1) Prohibit bars from having parking lots.
2) Demolish subdivisions with no sidewalks or supermarkets or social halls or restaurants.
3) Monorail.

I lived in Germany for several years. Public transportation there is second to none, making walks short on streets with well-lit sidewalks and many rural neighborhoods have places to socialize without having to travel at all. This combined with strict licensing requirements and stiff penalties make cars a decision many people do not even need to make. The ones that have cars generally respect the law with rare exceptions.

I’m originally from the East coast, and we have many rural roads with single family homes with driveways but no sidewalk, and nothing but other single family homes for miles in any direction. Towns all look alike because they have converted to become six lane highways with fast food and strip malls on either side and little else. The bright side is someday when there are no cars these would become fabulous routes for light rail, so the jokes on us.

Opus the Poet
Guest

They need to use the same logic for motor vehicles as they do for firearms. If someone gets shot and they find you in possession of the gun a few minutes (or a couple of hours) later you are assumed to have been the shooter unless you can provide a rock-solid alibi. None of this “I loaned it to a friend” BS, if you’re driving a car with damage shortly after a hit-and-run. If firearms were as deadly as motor vehicles (or even half as deadly as some people think) then we would be swamped by people killed in shootings. Instead we are swamped in people killed and maimed by motor vehicles.

Todd Boulanger
Guest
Todd Boulanger

One thing our legal / traffic safety / enforcement system is missing is training post DUI drivers with life transportation skills that do not require operating a motor vehicle. As a society we have often only given them drivers ed in school.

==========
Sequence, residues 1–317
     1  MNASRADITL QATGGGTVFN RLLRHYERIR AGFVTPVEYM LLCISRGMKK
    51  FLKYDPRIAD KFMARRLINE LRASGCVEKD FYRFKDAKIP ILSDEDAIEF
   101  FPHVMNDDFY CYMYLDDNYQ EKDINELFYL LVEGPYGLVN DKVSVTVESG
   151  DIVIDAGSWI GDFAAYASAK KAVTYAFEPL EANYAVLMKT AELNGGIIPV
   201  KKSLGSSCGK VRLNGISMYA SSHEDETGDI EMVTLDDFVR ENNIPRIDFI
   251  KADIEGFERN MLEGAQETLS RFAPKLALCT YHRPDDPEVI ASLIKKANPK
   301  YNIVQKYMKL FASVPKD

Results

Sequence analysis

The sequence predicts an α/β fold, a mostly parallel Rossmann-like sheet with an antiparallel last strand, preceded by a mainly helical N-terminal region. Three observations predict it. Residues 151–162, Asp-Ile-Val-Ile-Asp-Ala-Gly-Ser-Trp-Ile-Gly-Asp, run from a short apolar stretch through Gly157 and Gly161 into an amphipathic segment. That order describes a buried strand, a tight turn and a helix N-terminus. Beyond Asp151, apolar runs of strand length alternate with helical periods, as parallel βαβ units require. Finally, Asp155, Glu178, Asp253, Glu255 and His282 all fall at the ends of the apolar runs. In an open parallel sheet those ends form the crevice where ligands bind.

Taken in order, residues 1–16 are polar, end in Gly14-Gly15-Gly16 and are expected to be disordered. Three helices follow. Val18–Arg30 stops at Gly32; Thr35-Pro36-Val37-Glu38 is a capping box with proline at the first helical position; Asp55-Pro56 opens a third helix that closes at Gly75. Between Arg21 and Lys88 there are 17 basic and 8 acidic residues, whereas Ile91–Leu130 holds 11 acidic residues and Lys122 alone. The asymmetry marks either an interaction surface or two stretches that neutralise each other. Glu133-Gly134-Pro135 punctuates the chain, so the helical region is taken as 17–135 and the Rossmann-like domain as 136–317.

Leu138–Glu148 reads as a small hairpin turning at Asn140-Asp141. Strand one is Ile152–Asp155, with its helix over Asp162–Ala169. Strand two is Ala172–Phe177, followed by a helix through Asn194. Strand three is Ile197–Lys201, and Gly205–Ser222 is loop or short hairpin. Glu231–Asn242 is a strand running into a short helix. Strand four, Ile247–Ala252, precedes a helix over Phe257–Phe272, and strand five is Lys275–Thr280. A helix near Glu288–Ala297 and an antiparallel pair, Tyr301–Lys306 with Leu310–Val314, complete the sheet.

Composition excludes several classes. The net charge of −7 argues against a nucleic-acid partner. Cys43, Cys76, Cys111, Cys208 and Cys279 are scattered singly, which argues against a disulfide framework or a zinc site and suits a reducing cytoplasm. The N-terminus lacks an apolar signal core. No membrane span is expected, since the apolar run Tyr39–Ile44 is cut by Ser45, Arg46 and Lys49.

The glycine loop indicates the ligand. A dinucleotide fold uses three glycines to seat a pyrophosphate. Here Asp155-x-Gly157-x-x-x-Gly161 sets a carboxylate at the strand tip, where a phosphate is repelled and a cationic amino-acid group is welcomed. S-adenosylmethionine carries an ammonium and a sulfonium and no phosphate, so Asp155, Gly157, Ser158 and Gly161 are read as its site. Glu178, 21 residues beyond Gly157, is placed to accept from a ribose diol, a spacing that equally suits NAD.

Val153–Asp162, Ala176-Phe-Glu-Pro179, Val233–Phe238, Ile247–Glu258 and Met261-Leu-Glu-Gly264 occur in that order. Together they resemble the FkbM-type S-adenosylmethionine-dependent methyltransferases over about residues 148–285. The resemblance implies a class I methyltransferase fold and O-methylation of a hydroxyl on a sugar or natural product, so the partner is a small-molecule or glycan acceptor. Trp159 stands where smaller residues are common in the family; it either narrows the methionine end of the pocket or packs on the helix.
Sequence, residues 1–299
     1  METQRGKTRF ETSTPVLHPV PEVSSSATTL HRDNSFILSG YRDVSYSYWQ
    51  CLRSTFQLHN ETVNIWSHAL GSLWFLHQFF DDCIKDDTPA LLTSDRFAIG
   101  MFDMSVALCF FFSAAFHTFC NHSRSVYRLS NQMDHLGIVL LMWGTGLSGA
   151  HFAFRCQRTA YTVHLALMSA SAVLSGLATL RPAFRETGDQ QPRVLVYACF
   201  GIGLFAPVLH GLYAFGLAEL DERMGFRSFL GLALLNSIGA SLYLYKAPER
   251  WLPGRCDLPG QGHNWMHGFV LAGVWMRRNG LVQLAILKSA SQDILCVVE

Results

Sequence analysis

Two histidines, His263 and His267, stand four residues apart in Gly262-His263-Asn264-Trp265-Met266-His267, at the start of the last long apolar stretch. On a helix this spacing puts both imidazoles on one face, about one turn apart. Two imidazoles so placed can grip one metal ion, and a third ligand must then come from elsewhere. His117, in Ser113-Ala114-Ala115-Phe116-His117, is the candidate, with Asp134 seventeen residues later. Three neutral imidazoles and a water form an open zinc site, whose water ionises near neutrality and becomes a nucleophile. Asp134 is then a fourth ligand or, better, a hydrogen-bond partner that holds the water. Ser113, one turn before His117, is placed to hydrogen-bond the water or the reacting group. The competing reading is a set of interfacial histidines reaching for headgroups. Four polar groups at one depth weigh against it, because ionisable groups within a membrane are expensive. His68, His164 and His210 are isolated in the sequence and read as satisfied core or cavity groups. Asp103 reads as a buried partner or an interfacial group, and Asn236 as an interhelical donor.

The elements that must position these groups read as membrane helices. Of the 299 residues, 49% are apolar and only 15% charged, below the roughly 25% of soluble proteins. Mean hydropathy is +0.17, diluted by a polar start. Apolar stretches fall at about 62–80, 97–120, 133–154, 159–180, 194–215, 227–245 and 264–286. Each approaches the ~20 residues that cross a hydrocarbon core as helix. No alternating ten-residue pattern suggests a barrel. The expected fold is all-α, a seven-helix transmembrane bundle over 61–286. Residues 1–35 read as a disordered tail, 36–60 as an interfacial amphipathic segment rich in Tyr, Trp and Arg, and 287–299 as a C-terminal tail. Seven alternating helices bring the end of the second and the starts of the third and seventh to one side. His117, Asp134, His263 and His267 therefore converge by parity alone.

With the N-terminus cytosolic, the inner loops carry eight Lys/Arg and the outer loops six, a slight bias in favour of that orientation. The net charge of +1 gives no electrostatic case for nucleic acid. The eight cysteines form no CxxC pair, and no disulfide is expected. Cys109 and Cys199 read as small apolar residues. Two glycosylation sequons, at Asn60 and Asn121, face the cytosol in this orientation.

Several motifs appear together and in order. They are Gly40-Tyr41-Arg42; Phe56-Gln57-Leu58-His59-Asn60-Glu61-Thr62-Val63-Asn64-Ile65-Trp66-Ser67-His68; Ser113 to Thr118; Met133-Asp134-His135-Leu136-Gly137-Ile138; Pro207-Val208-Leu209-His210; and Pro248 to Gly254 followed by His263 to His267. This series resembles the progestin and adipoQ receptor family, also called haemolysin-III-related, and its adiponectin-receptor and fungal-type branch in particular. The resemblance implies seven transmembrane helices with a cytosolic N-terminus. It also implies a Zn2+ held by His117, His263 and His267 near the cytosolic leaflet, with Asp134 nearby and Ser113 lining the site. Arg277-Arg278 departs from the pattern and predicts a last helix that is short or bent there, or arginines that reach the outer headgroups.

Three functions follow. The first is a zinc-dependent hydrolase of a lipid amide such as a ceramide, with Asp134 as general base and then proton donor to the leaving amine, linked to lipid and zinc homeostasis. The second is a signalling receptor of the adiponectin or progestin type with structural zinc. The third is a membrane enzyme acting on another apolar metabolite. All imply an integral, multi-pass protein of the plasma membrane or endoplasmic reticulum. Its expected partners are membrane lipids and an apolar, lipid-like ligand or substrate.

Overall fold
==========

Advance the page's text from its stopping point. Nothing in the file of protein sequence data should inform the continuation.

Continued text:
Please someone write a a grant to provide this population with cycling and transit skill set (a create a commuter type program). Without such…there is little wonder why many return to the drivers seat.

Bjorn
Guest
Bjorn

I can offer one specific data point around this. In Corvallis a woman named Amy Stack who had previously participated in a diversion course after being caught drinking and driving hit and killed Robin Jensen while she was riding home from work. Stack did not stop at the scene and instead went home and ordered a pizza. She dripped marinara sauce on the car while inspecting the damage and then after her father hired her a lawyer and the police/community spent several days looking for the car that she had hidden in her garage she turned herself in reporting that she had hit a deer or other large animal. She ended up serving only around 9 months in jail and then was permitted to leave the state. I have a hard time believing that if someone previously convicted of a DUI was found drunk at the scene of an accident where they killed someone that they could possibly end up with such a short sentence. Police attempted to find witnesses to show that Stack had been drinking but several days had passed and they weren’t able to find any proof. In the Stack case the victim died immediately but in a case like that of Miriam Clinton where it appears she left someone for dead I wonder what might have happened had a bus driver not been so observant. To me hit and run is even worse than DUI because it has the potential to turn a serious accident into a deadly accident. Perhaps this story is correct and the letter of the law is that they are the same, but in practice DUI seems to clearly be punished more severely, even though in my experience hit and run is often just another very scary piece of a DUI. I mean seriously why would you run if you weren’t drunk? As long as you are sober it is likely you will walk away with a 2-3 hundred dollar traffic ticket at worst even if you kill someone.

Paulson Coletti
Guest

If they started focussing on hit &run as much as they are texting while driving I think it would help out a lot.